Summary Of Nonmoral Nature By Stephen Jay Gould

580 Words3 Pages

Answering the Unanswerable

Many people find the answers to their unanswerable questions in religion. However, as science progresses in the nineteenth century, there were new answers and new questions. In his comparative and refutational essay entitled “Nonmoral Nature”, Stephen Jay Gould weighs the impact ichneumon flies have on God’s divine benevolence. By adopting a autocratic tone, establishing dichotomies and employing a discursive structure, Gould seeks to highlight how the standards of morality cannot be found in nature, as nature is _________________. Gould commences his essay with a condescending analysis of William Buckland’s refutations to dilema of predator-prey relations in a world crafted out of benevolence. He employs phrases such as “amusing charm” to describe him and resolves that his ideas are only “to his satisfaction”. Gould uses these phrases in order to tonally denigrate Buckland in the reader's mind, to then awaken the idea that the root problem to this debate goes deeper than simple predation. By portraying the simplicity of Buckland’s arguments Gould sets the stage for the proceeding attacks to come.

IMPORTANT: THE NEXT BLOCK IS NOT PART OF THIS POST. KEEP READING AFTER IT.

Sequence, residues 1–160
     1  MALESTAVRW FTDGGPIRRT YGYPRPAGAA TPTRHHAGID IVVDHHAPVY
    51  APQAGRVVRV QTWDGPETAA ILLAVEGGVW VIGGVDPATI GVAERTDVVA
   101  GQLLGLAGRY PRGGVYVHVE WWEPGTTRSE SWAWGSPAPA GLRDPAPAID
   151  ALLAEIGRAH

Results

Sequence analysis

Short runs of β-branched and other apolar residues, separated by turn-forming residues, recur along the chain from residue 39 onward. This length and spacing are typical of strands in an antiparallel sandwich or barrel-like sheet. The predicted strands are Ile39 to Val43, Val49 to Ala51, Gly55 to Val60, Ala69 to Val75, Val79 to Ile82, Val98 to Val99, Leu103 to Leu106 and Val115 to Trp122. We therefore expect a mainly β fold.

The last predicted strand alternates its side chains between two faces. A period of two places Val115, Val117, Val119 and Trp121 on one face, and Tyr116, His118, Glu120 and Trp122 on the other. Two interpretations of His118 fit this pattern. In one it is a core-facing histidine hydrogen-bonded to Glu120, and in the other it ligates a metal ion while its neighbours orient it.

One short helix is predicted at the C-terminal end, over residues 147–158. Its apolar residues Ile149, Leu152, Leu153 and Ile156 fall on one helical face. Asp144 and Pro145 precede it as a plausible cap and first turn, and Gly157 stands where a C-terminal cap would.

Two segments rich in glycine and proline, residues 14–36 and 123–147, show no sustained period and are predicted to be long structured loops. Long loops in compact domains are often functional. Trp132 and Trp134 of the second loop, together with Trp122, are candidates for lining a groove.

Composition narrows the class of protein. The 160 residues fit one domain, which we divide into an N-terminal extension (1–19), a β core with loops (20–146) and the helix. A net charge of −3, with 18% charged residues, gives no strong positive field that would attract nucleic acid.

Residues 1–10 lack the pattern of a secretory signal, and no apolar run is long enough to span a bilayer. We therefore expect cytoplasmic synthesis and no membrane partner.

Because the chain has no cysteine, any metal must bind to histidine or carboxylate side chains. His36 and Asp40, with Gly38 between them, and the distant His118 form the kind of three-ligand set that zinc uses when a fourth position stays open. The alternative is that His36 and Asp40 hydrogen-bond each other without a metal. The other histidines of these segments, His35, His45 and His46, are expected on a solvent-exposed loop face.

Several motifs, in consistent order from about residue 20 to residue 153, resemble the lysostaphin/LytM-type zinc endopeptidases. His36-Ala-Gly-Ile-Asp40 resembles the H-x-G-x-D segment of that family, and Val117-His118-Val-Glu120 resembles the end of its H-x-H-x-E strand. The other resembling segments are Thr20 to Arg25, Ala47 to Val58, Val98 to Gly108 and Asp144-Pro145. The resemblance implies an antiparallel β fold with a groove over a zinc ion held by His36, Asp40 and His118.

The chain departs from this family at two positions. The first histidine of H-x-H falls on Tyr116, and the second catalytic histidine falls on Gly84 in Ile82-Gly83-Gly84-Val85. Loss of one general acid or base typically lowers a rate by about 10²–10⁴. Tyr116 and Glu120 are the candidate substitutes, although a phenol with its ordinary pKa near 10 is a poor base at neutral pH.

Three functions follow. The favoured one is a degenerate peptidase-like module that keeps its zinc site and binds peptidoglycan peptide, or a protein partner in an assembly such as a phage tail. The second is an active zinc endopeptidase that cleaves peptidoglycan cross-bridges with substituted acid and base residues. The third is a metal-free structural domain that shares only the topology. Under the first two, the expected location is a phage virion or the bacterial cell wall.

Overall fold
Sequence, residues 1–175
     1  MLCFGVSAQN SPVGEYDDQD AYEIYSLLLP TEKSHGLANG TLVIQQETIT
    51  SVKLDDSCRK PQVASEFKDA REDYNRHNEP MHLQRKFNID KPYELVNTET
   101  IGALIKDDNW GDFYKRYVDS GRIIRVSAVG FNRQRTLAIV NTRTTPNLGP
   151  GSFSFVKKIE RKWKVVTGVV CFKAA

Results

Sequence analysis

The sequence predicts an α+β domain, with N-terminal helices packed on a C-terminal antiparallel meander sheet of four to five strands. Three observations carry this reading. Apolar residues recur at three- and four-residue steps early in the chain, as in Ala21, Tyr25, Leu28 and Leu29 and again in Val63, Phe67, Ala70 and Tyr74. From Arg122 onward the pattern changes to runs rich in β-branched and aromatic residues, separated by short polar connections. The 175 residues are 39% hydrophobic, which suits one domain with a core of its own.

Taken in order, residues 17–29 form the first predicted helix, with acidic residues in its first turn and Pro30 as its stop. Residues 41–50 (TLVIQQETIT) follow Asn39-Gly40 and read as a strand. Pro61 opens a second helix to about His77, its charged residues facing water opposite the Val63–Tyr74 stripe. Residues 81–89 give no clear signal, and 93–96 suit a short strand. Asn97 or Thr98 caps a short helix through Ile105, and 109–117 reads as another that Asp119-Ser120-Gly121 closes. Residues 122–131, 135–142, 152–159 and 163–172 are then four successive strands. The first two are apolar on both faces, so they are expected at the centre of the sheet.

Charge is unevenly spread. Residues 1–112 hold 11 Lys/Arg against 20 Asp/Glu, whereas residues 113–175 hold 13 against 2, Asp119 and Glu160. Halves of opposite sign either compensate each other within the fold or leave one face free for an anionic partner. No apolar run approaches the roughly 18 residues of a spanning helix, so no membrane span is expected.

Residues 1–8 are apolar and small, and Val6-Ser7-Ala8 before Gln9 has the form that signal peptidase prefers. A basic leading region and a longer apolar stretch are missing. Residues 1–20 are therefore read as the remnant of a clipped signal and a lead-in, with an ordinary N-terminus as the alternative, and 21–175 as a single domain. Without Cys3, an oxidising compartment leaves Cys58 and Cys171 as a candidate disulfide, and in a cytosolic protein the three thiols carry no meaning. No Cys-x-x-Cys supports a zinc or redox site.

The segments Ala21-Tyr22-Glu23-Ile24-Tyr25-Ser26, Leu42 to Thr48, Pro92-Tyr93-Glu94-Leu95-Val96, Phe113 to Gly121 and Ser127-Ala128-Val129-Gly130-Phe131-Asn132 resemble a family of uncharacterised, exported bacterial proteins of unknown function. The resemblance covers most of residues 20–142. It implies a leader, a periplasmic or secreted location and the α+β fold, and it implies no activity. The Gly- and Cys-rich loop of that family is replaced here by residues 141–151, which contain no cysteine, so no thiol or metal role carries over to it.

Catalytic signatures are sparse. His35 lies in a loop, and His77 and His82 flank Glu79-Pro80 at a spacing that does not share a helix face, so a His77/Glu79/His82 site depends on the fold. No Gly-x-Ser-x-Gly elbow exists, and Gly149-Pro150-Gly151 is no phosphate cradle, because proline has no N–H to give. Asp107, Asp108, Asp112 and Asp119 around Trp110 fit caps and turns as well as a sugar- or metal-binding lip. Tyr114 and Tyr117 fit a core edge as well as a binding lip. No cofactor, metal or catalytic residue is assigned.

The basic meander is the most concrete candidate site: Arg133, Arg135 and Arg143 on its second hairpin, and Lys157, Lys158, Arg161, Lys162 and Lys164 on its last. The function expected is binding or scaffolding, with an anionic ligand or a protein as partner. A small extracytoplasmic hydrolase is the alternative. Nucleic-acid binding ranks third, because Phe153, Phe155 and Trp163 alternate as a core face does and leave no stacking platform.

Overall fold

He seeks to awaken the reader's mind the idea of the ichneumon fly. By crafting his discursive essay in this way, he weaves the reader through commentary on the habitudes of ichneumon flies and the ensuing …show more content…

Fabre is able to narratively portray the preys struggles, which Gould likens to “Jesus, immobile and thirsting on the cross, receiv[ing] only vinegar from his tormentors, Fabre at least could make the ending bittersweet.” After being nailed to a cross Jesus was offered vinegar, however the vinegar was meant to keep him alive. Gould is asserting that the way the text is written can change the meaning and tone. When ___________________________. By likening the issue he hints at subtle irony as the essay analyzes the benevolence of

Open Document